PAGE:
Perfectly good logic there, I mean the biggest indicator that a regulation is bad is when it impacts the profits of a company, and if those regulations have done so it's obvious they need to go.
No need to worry, after all the violation of the regulations and the resulting health issues stem entirely from the regulations themselves, I've no doubt whatsoever that without the regulations to get in the way companies that were violating them before will immediately step up and demonstrate even more care for public health and safety... so long as doing so doesn't negatively impact their profits of course.
Well obviously DDOS attacks are just another kind of piracy, where you steal the right of someone to use their system without being under digital-war. So, our statement still stands, and if anything we underestimated the numbers.
See? How is anyone supposed to parody that? They're already a walking definition of parody, claiming to be concerned about 'protecting all constitutional freedoms and enforcing the law impartially' while cracking down on those freedoms and abusing their power and authority for personal reasons.
They don't get a choice in the matter, the ruling is against the author and NOT the website in question.
Like hell it isn't. It may not technically be against the site, but for all intents and purposes they are being held accountable for the actions of one of their users. They're being told 'take down this comment posted by a user of your site or face legal consequences', something that wouldn't fly if they were sued directly which is why the one who filed the lawsuit didn't name them as a defendant and tried to bypass the law granting them protections against that very thing.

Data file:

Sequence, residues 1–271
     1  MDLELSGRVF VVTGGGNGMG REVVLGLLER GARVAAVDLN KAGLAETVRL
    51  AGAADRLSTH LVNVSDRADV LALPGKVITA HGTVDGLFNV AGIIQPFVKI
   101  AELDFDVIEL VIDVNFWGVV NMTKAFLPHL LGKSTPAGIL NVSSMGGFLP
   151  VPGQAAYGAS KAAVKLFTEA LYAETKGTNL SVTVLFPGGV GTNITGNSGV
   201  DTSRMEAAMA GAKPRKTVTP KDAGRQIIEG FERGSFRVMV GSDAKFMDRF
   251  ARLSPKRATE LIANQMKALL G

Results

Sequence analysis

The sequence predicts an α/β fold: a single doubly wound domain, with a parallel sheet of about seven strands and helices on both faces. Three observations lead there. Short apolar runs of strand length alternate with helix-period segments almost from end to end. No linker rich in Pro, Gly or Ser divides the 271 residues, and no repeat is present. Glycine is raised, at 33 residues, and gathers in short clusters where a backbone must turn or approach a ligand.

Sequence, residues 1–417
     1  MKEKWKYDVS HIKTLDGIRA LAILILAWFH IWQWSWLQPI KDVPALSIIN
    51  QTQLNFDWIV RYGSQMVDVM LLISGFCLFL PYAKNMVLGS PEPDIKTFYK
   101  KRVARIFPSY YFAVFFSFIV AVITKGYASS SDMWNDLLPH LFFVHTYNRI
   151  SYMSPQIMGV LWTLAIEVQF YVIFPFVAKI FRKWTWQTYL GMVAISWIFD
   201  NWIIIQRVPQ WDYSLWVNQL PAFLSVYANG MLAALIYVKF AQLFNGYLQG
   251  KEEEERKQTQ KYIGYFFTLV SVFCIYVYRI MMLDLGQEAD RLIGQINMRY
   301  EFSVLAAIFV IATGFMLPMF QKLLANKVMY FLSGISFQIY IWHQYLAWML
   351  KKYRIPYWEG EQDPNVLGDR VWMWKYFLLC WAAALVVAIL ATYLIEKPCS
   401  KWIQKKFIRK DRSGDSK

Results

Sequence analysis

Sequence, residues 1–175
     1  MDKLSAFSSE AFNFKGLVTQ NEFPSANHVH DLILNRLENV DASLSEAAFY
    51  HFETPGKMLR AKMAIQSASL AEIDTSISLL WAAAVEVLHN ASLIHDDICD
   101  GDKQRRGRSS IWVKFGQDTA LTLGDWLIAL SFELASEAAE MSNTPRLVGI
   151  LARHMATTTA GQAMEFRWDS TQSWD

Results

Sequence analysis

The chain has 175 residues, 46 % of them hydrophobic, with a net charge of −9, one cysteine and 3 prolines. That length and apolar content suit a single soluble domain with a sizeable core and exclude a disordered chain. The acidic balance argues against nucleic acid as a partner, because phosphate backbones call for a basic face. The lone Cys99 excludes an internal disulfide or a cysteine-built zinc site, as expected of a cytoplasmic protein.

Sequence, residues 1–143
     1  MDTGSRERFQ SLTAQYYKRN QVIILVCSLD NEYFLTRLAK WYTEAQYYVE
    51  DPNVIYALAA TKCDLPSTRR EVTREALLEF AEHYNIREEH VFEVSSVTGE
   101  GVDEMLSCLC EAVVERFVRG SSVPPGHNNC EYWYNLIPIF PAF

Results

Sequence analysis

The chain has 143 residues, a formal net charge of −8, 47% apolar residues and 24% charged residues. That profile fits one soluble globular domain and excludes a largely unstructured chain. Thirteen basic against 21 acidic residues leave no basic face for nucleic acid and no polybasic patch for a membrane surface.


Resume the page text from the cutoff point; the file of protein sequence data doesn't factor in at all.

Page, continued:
If the ruling really isn't against them then they could ignore it entirely without consequence, just like I could safely ignore a ruling made against someone else because I wasn't involved, yet I rather doubt that's the case here.
If the ruling is against the author and not the website then go after the author, not the website. Can't get ahold of them? Then look harder. They refuse to show? Have the judge issue a bench warrant and/or contempt of court against them.
At no point do you get to say 'well, finding the actual author and making them take down their post is too difficult, so we'll just skip that step'.
You don't get to bypass the protections in the law just because you're too lazy to do it right, and if at the end of the day you still can't get ahold of the person? Tough luck, you're welcome to try your case against the site directly, have fun getting around the law when the site actually has a chance to defend themselves.
Hopefully the CA supreme court reverses or nullifies the earlier ruling, as otherwise they might as well toss out 230 entirely, at least as far as CA is concerned. If you can bypass the protections services have against being held accountable for the posts of their users simply by only involving them at the very end, after any chances for them to object have passed then those protections become completely meaningless and trivial to bypass, to the point that they may as well not exist for all the good they do.
While I'm sure there would be many a lawyer and prosecutor just salivating at the massive opportunities that would open up for them the massive chilling effects such a ruling would have on speech far outweighs their interests in personal gain.
The Police: Join because you want to play god over the lives of those around you, stay because those that want to hold you accountable don't have the power to do so, and those that have the power to hold you accountable don't want to.
1. Studios unfairly discriminate against 'old' actors. 2. Site lists age of actor. 3. Actor complains that having their age listed cost them one or more roles in films. 4. Idiot politicians make it a crime to list the age of the actor, completely ignoring the actual problem.
'Something has been done' without actually addressing the core problem, politics wins again!
Suing the studio that turned her down has a good chance to cause others to avoid her entirely to limit legal problems, whereas suing the site allows her to feel like she's accomplished something without burning any bridges by those that might (be stupid enough to) hire her.